By Andre LaFontant
Providence, RI — “I’ve made it my life’s mission to create world-changers, problem-solvers, and innovators by inspiring them to understand that they belong at the table,” states Reverend Rudolph Moseley, Jr., Ed.D—Founder and CEO of the nonprofit National Student of Color Stem Initiative and Executive Director of TIMES² Incorporated in Providence, Rhode Island.
According to Dr. Moseley, the conversations that are had at the kids’ table are just as, if not more important than, what happens at any subsequent seat taken down the line. “If we want to patch up the leaky STEM pipeline,” he begins, “it’s not really about putting STEM programs in high school, it’s about creating more STEM programs at the elementary level. If you expose kids early in the process, their curiosity will drive them to research.” In other words, conscious change in the way science is taught in schools will help to keep children engaged with STEM fields well into adulthood. Emotional intelligence rests at the center of developing young and inquisitive students. “The means to develop an emotionally intelligent leader within STEM fields is through a project-based learning environment,” Dr. Moseley explains. “Students must know that they can’t get from point A to point B without a team.”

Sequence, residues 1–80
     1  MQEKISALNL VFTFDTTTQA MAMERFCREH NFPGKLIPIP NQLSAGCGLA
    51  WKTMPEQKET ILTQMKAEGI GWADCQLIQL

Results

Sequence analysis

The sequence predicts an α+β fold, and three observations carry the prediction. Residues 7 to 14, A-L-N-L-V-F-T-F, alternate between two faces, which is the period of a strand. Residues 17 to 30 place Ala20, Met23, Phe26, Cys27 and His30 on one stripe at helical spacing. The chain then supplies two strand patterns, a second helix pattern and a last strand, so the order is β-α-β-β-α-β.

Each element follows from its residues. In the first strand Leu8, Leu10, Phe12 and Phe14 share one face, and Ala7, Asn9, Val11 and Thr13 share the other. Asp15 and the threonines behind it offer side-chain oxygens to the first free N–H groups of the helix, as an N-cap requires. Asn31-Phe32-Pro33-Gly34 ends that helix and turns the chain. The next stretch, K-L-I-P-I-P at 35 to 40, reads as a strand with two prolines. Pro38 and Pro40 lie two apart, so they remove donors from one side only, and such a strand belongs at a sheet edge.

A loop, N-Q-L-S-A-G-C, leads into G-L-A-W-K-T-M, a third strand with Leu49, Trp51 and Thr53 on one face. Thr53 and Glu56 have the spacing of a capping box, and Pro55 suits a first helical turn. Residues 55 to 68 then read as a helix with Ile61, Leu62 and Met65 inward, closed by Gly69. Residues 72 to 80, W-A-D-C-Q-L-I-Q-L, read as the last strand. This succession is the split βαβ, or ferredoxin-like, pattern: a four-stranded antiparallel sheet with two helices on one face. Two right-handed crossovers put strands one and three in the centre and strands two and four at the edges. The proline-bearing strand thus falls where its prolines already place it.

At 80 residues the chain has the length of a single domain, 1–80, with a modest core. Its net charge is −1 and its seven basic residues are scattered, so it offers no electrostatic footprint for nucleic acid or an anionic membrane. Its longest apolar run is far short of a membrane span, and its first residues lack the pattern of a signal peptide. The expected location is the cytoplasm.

“Project-based learning in the classroom is what keeps STEM-related studies relevant,” Dr. Moseley continues. “Students learn most when they are given a problem—like understanding how sickle cell anemia affects their community—and then tasked with designing a solution, working in groups, solving that problem, and finally, presenting their findings.”
The process of ingratiating young people with the possibilities of STEM fields, however, should not be confined solely to the classroom. Dr. Moseley stands firmly by the idea that a more holistic approach is necessary. He states, “Out of school activities are [excellent] opportunities to foster ingenuity; We must structure out of school time purposefully to compliment intentional instruction within the classroom.”
As a father of five sons, one can view Dr. Moseley’s commitment to supporting lasting STEM initiatives for youth of color as an extension of his sense of fatherly responsibility. His vision resonates with themes in the Oscar-nominated film Black Panther, which inspired youth of color across the country to see a place for themselves at the table of science, math, innovation, and influence. As T’Challa resolves, in the film’s conclusion to use Wakanda’s resources to help the world grow and evolve, Dr. Moseley is creating and sustaining opportunities for youth of color to do the same.